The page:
Because that is the other value of notice and comment: Not merely giving the public a voice, but also bettering the rules that govern us. In the words of the D.C. Circuit, notice and comment improve the law by making sure “the agency will have before it the facts and information relevant to a particular . . . problem.” “Public participation in the rulemaking process,” that court has said, “is essential in order to permit administrative agencies to inform themselves.” We value public participation in rulemakings in part because it is an opportunity to bring valuable evidence to the agency’s attention, to explain effects of a proposed rule that the agency may not have appreciated, and simply to bring a perspective that the agency itself otherwise would not have.

In this way, the public’s participation in the administrative process can make the law better—better informed, and better calibrated to the impacts a regulatory action will have.

The converse is also true, by the way. When the public does not participate in a thoughtful way, the rulemaking process can suffer. Government decision-making is weakened when the public’s contribution falls short. We call this garbage in, garbage out.

I have observed this shortcoming in government decision-making in my own law practice. In recent years I have brought court challenges to a number of actions by financial regulatory agencies—the U.S. Securities and Exchange Commission (SEC), U.S. Commodity Futures Trading Commission, and the Financial Stability Oversight Council. I still recall my apprehension—bordering on trepidation—when I got involved in my first SEC rulemaking. By training I am a litigator and, originally, a labor and employment lawyer. By the time I got involved in this rulemaking, I felt I had a pretty good handle on the requirements of the anti-discrimination laws, minimum wage and overtime requirements, and the like. But regulating the financial markets—that’s another thing, I thought: Heavy, sophisticated stuff.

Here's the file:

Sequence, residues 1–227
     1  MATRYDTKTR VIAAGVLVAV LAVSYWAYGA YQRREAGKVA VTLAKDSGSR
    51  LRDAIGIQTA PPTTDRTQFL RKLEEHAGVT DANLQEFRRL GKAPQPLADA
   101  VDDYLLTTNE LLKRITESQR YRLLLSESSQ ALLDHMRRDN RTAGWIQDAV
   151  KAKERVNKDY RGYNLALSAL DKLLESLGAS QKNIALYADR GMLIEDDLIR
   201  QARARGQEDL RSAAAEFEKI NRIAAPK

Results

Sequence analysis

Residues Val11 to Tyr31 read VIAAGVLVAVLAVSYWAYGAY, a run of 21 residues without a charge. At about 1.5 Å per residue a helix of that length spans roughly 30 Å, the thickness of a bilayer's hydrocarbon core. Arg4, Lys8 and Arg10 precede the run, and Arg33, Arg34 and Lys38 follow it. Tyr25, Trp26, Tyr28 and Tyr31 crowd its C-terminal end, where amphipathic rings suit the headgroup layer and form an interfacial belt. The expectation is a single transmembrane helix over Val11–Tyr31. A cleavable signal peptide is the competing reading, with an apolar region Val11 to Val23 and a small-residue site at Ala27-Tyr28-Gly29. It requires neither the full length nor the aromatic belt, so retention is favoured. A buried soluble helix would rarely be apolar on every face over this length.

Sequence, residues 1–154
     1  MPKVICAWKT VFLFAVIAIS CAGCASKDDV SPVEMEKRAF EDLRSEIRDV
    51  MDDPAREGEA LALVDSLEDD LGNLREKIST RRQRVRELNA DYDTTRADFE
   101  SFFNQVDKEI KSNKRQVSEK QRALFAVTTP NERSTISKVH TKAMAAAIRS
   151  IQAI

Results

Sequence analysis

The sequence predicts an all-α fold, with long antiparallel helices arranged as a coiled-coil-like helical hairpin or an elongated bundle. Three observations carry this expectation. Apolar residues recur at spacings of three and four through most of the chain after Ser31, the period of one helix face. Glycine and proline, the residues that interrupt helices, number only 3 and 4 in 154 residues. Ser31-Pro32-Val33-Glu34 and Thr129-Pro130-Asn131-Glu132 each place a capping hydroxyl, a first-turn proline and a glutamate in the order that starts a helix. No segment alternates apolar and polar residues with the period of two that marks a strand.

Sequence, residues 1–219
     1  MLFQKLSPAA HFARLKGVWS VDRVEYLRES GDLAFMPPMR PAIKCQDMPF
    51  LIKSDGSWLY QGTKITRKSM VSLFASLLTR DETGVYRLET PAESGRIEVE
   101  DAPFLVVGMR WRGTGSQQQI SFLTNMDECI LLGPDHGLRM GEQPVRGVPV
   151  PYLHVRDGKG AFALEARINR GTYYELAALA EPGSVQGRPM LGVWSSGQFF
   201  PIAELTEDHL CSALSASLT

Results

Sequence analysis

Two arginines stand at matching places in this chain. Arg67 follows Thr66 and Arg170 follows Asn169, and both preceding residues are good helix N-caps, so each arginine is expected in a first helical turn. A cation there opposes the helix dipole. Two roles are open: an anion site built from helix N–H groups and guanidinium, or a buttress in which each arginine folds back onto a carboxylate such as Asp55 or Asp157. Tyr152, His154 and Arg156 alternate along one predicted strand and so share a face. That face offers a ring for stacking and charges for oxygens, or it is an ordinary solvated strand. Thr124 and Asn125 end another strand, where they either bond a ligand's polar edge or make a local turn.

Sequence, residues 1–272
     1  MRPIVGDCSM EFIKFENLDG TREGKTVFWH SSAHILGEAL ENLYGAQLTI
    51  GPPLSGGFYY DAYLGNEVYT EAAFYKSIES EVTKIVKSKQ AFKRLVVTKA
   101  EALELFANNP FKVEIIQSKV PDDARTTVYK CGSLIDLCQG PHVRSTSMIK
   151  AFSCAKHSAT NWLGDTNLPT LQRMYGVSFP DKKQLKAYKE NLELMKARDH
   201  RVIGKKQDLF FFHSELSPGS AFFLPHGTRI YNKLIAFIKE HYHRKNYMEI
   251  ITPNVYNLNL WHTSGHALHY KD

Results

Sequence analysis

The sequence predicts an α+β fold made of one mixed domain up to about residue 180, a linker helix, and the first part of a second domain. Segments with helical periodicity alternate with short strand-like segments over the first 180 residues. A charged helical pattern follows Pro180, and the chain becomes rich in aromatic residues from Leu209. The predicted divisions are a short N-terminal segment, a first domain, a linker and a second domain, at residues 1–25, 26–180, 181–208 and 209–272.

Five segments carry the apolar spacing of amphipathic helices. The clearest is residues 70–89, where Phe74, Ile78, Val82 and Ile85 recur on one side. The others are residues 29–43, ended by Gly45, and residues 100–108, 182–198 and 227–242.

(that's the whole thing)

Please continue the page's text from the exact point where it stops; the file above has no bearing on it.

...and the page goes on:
And so I was stunned when I dug into the file at the SEC in this rulemaking and saw the comments that had been submitted by the public, and how the agency dealt with them. The comments generally were brief and conclusory, and merely asserted a view: “We believe you should do the following.” Or, “we believe you should not do the following.” If it was a matter the commenters felt especially strongly about, they would say so—that is, “we strongly believe you should do the following.” The animating principle appeared to be that if a lot of important people spoke firmly, the agency would heed that and act accordingly.

Many people who participate in rulemakings seem to view rulemaking’s closest analogue as an election. In notice and comment, they seem to think, whichever side gets the most votes wins. I view it more like a trial: If it is a contentious rulemaking, you want to get all your evidence and argument before the agency in the hope of persuading it. But if you cannot persuade the agency, you have made the record you need for an effective appeal—that is, for a court challenge to the rule. Because just like at trial, in a rulemaking if you do not put your evidence and argument before the agency, it often is not going to be admissible later in court.

Eugene Scalia is a partner in the Washington, D.C. office of Gibson, Dunn & Crutcher, where he is co-chair of the firm’s Administrative Law and Regulatory Practice Group. Scalia is also a member of the firm’s Labor and Employment Practice Group, and its Appellate and Constitutional Law Practice Group. Previously, Scalia served as the Solicitor for the U.S. Department of Labor, and as a Special Assistant to the Attorney General of the United States.

This essay is the first of a three-part series, The Public’s Role in Administrative Law, drawing on Scalia’s keynote address at the 2017 Annual Penn Program on Regulation Lecture.